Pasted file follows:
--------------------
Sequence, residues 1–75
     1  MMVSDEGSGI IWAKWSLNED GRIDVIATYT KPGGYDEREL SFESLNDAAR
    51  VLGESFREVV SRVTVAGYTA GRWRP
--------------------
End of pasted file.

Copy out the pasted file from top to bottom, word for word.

Sequence, residues 1–75
     1  MMVSDEGSGI IWAKWSLNED GRIDVIATYT KPGGYDEREL SFESLNDAAR
    51  VLGESFREVV SRVTVAGYTA GRWRP